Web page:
Galleh Wollof Water Project – The Gambia
Galleh Wollof Village, Upper Fulladu West District, Central River Region, The Gambia
Galleh Wollof is about 9 kilometers from Bansang off the South Bank Road in the upper Fulladu West District of the Central River Region. The community of roughly 1,700 people is made up of a sect of the Wollof tribe called the Fana Fana. Traditionally, they are settled farmers and artisans, depending mainly on subsistence farming. For centuries, this sect of the Wollof tribe has lived this way of life.
The community consists of 65 compounds, the majority of which are extended family compounds (for large families). The community never embraced sending their children to school; thus, the majority of the people in the Galleh Wollof community are illiterate. However, with an intense advocacy campaign and sensitization program by various organizations in that part of the country, children’s school enrollment has steadily risen over the past two decades. Now with direct knowledge of the benefits and importance of education, more of the community is determined to send their children to school.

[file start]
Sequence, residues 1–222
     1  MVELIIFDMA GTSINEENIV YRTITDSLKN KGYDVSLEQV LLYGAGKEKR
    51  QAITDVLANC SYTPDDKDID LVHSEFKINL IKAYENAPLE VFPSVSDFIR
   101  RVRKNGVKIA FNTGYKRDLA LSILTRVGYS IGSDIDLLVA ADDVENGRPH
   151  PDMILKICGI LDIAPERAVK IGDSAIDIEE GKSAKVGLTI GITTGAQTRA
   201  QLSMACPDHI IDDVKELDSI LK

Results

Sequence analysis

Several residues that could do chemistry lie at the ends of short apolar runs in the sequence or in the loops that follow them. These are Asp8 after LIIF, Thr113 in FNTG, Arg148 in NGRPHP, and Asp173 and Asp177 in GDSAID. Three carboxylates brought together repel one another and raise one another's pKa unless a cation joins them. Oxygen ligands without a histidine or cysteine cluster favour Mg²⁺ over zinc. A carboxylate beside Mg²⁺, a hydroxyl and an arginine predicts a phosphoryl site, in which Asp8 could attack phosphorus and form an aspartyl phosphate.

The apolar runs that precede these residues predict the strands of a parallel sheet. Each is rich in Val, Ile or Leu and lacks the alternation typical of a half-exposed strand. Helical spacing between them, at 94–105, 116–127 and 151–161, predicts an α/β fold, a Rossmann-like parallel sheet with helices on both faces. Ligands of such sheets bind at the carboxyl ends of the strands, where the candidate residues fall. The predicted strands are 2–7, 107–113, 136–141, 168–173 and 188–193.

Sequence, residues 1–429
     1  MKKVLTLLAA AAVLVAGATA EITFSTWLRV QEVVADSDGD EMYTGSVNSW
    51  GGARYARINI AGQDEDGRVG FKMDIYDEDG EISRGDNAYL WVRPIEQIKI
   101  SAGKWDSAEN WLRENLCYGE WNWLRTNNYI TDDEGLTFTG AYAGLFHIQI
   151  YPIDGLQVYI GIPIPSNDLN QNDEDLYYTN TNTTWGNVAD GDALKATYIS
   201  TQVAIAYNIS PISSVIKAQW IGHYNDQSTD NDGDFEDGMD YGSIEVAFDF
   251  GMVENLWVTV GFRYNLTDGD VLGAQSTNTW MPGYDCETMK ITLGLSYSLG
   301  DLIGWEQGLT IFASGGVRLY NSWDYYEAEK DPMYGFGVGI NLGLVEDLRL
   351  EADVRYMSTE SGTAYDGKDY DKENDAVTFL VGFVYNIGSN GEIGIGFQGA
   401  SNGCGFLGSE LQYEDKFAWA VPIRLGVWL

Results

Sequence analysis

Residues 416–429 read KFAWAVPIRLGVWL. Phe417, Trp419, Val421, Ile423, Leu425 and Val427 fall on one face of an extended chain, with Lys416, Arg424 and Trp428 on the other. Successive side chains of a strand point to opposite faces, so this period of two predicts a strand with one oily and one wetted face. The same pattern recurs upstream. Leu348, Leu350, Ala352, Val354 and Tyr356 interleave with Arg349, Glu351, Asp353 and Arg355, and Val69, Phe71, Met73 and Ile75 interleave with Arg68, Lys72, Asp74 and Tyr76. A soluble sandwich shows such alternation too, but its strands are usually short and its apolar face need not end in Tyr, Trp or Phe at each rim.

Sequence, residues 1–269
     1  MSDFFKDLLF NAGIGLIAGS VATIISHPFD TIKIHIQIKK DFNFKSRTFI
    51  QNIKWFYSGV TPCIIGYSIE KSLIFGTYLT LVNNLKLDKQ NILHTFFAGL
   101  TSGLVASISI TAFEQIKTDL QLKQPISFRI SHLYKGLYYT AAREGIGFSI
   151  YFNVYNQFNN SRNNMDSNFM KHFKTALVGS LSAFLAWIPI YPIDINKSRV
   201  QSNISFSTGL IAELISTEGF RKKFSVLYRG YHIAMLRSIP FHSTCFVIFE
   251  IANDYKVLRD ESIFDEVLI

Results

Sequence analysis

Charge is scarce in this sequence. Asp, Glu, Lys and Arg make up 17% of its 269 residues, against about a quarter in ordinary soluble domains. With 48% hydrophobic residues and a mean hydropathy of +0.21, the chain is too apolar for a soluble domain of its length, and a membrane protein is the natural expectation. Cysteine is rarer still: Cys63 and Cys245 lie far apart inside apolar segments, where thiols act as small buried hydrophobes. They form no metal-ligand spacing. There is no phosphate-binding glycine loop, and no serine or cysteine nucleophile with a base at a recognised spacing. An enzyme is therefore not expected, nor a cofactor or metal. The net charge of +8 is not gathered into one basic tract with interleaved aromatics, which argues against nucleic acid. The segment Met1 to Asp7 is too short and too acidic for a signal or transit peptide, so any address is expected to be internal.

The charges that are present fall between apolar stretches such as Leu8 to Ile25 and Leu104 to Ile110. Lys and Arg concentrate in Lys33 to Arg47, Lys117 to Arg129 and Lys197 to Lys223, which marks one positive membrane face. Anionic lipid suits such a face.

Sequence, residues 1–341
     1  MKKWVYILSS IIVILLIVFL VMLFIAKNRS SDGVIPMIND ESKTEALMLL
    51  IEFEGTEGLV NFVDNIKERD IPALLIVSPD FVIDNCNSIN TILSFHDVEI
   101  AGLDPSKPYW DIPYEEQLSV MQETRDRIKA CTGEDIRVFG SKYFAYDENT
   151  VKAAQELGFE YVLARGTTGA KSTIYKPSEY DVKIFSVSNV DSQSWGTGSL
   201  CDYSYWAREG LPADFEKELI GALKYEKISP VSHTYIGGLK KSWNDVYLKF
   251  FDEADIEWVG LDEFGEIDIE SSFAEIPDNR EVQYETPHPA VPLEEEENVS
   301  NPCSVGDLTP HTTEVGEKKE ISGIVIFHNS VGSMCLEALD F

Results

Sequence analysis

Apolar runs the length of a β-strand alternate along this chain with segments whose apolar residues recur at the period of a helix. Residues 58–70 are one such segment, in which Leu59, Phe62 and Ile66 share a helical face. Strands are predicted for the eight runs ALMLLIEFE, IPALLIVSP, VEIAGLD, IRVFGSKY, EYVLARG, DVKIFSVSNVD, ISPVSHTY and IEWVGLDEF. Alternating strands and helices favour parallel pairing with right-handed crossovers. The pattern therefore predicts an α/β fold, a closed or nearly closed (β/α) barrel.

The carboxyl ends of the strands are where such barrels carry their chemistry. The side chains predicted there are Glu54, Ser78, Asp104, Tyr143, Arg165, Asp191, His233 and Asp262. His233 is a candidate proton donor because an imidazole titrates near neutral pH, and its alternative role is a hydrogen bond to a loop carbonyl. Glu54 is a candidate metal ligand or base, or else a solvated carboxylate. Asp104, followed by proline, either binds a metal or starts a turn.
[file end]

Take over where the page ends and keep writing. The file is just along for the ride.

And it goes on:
Currently, their children (65% boys and 35% girls) attend Galleh Manda Lower Basic School, which is a 3-kilometer walk away from Galleh Wollof. With access to clean water, it is anticipated that the enrollment of girls will increase steadily.
The community has two open wells. One is used for non-drinking purposes only. The well is situated in a sandy area so during the rainy season the sand pollutes the water and causes diarrhea. The second well, which the people of Galleh Wollof rely on, is an old traditional well that runs dry quickly.
Recently, a child fell into the old well. Luckily, he was rescued and recovered at Bansang regional hospital. Being superstitious, the people of Galleh Wollof were scared to fetch water there and now go by donkey cart 5 kilometers across the border to Southern Senegal to fetch water. This has led to a huge disruption in their livelihood. It has also led to a local food shortage as the time spent on their subsistence farms is cut short in pursuit of drinking water.
This project is to build a borehole in the community.
The borehole will be 6-inches in diameter and 45-meters deep. Due to the hydrology of the area, the borehole drilling outfit advised the drilling of a 6-inch-wide borehole to ensure the availability of abundant water year-round. Moreover, the area’s shallow water table will make the hand pump easy to use.
The project will also include the construction of a concrete slab and a protective fence for the hand pump. A brand new German Mark II hand pump will be mounted and a 2.4- by 1.5-meter long concrete trough will be constructed as a drinking point for livestock. This will help supply abundant clean water for the villagers, as well as help in the rearing of ruminants. The construction of a reliable water point for animals will help reduce poverty and malnutrition in the community.